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Back to School Challenge

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Here we are again, at the beginning of a new school year full of promise. Within a matter of weeks or days, urgent deadlines will start to emerge with ever increasing frequency. So before that inevitable, relentless chaos takes over life, I challenge y…

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Guest Blogger: Marie Montilla NEC Abreu Fellow '11

0 Tony Woodcock

[On June 2, NEC celebrated the graduation of our second class of Abreu Fellows, the training program we undertook as the result of Maestro José Antonio Abreu’s TED “Wish to Change the World.”  The Fellows now go out into the … Continue reading

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Powerhouse Website Suggestions

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As part of a May 21, 2011 Facebook event hosted by the National Conference on Keyboard Pedagogy, I invited music teachers to submit their websites for observation and critique.  Thanks to all who participated.
No matter what kind of art you make, I …

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The Savvy Music Teacher Scavenger Hunt

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Attention music teachers!!!
On Saturday, May 21 2011, I am hosting a Facebook event sponsored by the National Conference on Keyboard Pedagogy (NCKP), focusing on issues relevant to private music teachers.  Please feel free to join in on the conversati…

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Special Forces Commando Unit

0 Tony Woodcock

[This is the first in a series of posts in which I will talk about the current, troubled, state of professional musicmaking and offer some glimpses of possible solutions for the future.] The other night I attended one of the … Continue reading

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Questions? Answers.

0 Stephen Danyew

Back in January, I posted a blog about Musical America’s exciting new partnership with Edna Landau – “Ask Edna.”  Since starting her new blog, Edna has addressed some excellent career-related questions by young musicians, and she has provided some insightful guidance and ideas to consider.  Recently, I figured I would throw a question into the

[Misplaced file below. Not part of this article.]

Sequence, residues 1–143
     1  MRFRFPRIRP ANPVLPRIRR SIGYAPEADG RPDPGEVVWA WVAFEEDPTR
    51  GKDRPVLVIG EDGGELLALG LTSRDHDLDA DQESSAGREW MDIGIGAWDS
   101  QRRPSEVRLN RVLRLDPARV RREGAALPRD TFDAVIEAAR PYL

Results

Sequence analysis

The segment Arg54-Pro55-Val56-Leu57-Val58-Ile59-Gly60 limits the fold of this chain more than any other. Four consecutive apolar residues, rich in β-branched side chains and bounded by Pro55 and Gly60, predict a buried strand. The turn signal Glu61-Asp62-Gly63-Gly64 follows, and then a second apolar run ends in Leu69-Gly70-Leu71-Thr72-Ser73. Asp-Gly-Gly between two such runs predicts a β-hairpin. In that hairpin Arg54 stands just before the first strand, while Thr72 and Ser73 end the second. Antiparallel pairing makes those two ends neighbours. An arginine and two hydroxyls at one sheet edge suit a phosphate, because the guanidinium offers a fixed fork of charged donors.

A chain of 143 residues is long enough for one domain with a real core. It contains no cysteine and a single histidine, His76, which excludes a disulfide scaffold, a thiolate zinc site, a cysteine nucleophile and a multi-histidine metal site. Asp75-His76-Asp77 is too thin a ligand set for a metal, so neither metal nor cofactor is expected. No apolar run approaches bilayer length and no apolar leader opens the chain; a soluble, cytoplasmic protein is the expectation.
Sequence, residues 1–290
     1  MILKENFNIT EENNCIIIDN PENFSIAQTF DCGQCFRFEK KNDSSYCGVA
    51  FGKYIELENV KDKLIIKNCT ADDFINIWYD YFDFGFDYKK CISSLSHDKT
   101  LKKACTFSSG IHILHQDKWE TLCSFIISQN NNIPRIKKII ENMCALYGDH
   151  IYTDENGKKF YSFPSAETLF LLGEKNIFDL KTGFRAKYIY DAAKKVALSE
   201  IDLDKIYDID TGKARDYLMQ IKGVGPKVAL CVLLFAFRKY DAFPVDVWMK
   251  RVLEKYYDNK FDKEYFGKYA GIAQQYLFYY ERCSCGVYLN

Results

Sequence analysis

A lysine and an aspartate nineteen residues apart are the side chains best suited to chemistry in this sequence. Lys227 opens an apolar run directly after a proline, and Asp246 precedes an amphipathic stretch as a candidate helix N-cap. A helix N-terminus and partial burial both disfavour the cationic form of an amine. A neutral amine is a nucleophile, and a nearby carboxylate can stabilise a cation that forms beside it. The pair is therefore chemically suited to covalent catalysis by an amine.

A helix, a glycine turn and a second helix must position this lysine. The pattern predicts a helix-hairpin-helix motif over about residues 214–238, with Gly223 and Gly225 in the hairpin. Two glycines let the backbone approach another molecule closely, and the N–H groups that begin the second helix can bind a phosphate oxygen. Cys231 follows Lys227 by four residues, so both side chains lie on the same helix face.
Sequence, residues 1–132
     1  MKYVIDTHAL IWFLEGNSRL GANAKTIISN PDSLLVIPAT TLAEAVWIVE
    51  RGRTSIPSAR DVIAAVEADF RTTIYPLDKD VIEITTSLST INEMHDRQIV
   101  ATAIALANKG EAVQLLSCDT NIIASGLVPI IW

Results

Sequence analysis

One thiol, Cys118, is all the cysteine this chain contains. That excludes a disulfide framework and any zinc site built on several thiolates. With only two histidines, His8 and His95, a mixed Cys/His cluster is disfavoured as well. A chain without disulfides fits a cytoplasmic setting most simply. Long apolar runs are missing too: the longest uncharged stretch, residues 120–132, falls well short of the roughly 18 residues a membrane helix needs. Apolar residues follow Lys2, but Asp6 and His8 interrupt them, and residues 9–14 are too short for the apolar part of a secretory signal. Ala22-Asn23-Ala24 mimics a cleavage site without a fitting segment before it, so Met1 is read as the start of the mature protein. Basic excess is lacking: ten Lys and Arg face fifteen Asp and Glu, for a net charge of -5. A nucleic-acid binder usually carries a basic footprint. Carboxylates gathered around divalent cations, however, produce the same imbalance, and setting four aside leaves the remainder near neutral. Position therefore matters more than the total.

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Arts Entrepreneurship — Third Dimension

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After digesting the many superb responses, both published here and private, to last week’s blog entry, I spent a lot of time pondering what is really bothering me about the arts entrepreneurship “movement.”  I realized that I have been hoping for …

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Dear Edna, I have a question…

0 Stephen Danyew

Who should I ask? Often times we have questions about our career path, life, relationships, etc.  Sometimes we seek out those close to us whom we respect to give us advice, other times we just keep our questions to ourselves, and sometimes we seek out someone we don’t actually know to ask for their expertise. 

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The Secret to Engaging Future Orchestra Audiences?

1 Stephen Danyew

Well let’s start with what isn’t a secret: Many orchestras are trying to reach out to future audiences (young people) and convince them that an orchestra concert should be on their shortlist of exciting weekend activities. An increasing number of orchestras (and other concert music organizations) are creating programs and concerts specifically catered to younger

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Jobs Don't Grow On Trees

0 Stephen Danyew

In a recent article in the New York Times, Daniel J. Wakin points to the seemingly large number of orchestral positions that are currently open at some of the nation’s top orchestras.  Of course we could debate all day about whether or not 12 openings in the NY Phil is remarkable, if they will be

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Polyphonic On Campus: Coming Soon

0 Stephen Danyew